Moments after Sunday's final event, the 400, Clay's longtime coach Kevin Reid more calmly dissected the performance.
"Today," he said, "we competed on eggshells."
Monday, Reid speculated, would be better. Clay's wife, Sarah, dropped the couple's two toddlers off with a babysitter so she could take in the action. She wore a cotton T-shirt proclaiming herself a Bryan Clay supporter, but looked nothing like the carefree fans that assembled outside the stadium, eating ice cream bars and sipping plastic cups filled with beer and soda. Her husband had already filmed two Olympic commercials with International Olympic Committee sponsor Johnson & Johnson, but they rarely talked about the Beijing Games. She hadn't made a single plan for the trip.
Had to get through this weekend first.
"It's nerve-wracking," she said. "The night before, the week before, the morning of, are pretty bad. We do a lot of praying."
As the defending world champion, Clay received a bye into last year's world championships despite his failure to finish the U.S. meet. Healthy when he arrived in Osaka, Japan, he made a misstep on his high jump approach and suffered a slight quadriceps pull. In second place at the time, he was forced to pull out.
"You have 10 chances to do well," Reid said. "You also have 10 chances to make a mistake."
Clay lives in Glendora, Calif., just a mile from his training home at his alma mater, Azusa Pacific University, where he met his wife, a former javelin thrower. During his daily workouts, she occasionally brings their children, ages 3 and 1, to the gym to play on the equipment and run around.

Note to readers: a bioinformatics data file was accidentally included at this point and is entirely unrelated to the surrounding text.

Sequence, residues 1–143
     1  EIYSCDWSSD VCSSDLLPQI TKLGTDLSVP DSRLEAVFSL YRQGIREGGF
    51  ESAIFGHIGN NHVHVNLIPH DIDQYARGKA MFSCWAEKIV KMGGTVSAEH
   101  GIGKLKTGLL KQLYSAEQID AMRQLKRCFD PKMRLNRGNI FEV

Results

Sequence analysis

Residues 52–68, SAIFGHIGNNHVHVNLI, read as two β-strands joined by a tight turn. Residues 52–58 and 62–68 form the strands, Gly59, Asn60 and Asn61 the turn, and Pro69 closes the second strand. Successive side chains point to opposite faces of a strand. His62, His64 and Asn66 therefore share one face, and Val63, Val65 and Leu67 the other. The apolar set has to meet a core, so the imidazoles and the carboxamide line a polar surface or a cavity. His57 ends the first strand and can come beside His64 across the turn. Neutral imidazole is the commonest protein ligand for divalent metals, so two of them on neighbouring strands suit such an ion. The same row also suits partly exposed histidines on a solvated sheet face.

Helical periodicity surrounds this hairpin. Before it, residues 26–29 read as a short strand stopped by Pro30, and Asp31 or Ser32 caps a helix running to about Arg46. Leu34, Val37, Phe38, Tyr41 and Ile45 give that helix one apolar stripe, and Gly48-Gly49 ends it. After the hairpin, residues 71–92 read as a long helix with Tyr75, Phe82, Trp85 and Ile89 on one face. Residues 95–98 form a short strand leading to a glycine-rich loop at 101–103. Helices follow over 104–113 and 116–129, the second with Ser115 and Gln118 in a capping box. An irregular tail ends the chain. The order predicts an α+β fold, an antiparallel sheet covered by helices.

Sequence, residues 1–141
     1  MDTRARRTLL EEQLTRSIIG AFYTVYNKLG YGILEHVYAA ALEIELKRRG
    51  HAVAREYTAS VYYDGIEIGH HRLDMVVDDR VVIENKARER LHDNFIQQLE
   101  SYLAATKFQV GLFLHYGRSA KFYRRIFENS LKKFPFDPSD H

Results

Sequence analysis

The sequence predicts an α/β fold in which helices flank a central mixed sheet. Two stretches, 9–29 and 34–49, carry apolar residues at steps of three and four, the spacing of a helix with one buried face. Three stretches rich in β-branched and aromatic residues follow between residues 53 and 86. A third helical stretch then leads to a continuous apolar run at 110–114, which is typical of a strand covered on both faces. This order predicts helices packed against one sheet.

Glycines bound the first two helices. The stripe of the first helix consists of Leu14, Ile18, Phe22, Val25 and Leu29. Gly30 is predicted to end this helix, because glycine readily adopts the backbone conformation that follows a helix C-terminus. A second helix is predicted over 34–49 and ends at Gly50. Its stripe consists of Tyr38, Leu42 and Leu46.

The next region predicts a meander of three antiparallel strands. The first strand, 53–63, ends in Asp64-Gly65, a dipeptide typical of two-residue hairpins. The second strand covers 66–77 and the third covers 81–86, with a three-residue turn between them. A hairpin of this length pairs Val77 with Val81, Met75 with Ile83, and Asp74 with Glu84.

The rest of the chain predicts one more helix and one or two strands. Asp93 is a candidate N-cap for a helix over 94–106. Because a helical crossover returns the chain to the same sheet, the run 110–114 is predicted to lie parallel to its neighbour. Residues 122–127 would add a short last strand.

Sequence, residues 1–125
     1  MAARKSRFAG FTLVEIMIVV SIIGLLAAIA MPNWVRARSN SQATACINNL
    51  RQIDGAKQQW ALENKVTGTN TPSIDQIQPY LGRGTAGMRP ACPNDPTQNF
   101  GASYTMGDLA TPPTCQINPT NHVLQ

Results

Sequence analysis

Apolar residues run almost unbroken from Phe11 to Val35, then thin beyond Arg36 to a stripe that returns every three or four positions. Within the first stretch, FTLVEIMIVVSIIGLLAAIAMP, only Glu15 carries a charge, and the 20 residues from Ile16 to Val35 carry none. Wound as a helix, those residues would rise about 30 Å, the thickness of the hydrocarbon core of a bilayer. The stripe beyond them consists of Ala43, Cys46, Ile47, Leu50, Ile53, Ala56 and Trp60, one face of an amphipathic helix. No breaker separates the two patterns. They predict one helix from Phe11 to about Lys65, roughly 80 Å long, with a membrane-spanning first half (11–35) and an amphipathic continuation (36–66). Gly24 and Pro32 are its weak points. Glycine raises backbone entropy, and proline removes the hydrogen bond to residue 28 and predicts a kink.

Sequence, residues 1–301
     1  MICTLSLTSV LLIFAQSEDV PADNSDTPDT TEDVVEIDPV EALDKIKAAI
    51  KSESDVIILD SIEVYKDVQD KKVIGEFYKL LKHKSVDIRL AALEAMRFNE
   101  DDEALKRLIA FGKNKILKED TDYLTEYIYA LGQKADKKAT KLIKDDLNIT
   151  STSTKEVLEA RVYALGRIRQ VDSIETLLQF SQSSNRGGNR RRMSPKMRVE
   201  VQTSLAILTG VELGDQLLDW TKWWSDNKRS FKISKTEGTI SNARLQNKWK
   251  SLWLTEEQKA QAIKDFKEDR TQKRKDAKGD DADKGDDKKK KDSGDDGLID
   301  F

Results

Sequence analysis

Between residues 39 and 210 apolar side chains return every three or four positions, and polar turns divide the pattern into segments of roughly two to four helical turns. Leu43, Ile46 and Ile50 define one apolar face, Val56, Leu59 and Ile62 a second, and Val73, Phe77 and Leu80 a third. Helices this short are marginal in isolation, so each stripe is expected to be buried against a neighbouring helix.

She tries to ensure that they are napping when Clay arrives home for a mid-day training break. Clay never, she said, mourns his rough events. He simply gets back to work.
"He's probably the most mentally tough person I've ever met," she said.
At the conclusion of Sunday's events, Clay sat on a folding chair talking to reporters. He was healthy, sure, but not happy. Monday's challenge looked big from that chair.
"I don't get to come back the next two days and work everything out," Clay said. "What I do today is done. In decathlon, you just don't have that opportunity. You have to be on when you get there."
Monday started well. He finished third overall in the 110 hurdles, putting up a time just a hundredth of a second off of his personal best. He threw the discus a couple meters short of the decathlon world record he holds in the event. Then came the pole vault. Get through that, and -- barring an injury -- Beijing would seem a lot closer. Clay didn't shine, but he didn't choke. He made his opening height with ease but got stuck on a bar he's cleared plenty of times previously. No matter. Disaster had been averted. Clay put up the best result of the day in the javelin, then finished up hurting.
But, oddly enough, ready to get out there again.
"Mentally, I think I'm a very tough competitor," he said 30 minutes after finishing. "I am ready to break the world record. There's no doubt in my mind . . . It's just a matter of time."